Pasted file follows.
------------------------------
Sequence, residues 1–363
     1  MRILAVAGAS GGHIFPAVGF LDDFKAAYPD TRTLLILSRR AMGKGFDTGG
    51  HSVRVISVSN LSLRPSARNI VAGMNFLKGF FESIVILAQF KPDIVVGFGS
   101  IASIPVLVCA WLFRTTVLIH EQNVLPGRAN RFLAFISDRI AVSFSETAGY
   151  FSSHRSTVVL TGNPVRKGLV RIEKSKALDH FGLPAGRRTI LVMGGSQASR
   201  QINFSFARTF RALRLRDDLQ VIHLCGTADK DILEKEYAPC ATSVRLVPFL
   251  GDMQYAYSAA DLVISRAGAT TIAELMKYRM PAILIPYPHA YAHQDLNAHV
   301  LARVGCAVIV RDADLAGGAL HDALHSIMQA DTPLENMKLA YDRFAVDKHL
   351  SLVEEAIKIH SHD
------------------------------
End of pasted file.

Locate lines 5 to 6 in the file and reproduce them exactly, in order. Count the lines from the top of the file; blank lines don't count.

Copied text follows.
   151  FSSHRSTVVL TGNPVRKGLV RIEKSKALDH FGLPAGRRTI LVMGGSQASR
   201  QINFSFARTF RALRLRDDLQ VIHLCGTADK DILEKEYAPC ATSVRLVPFL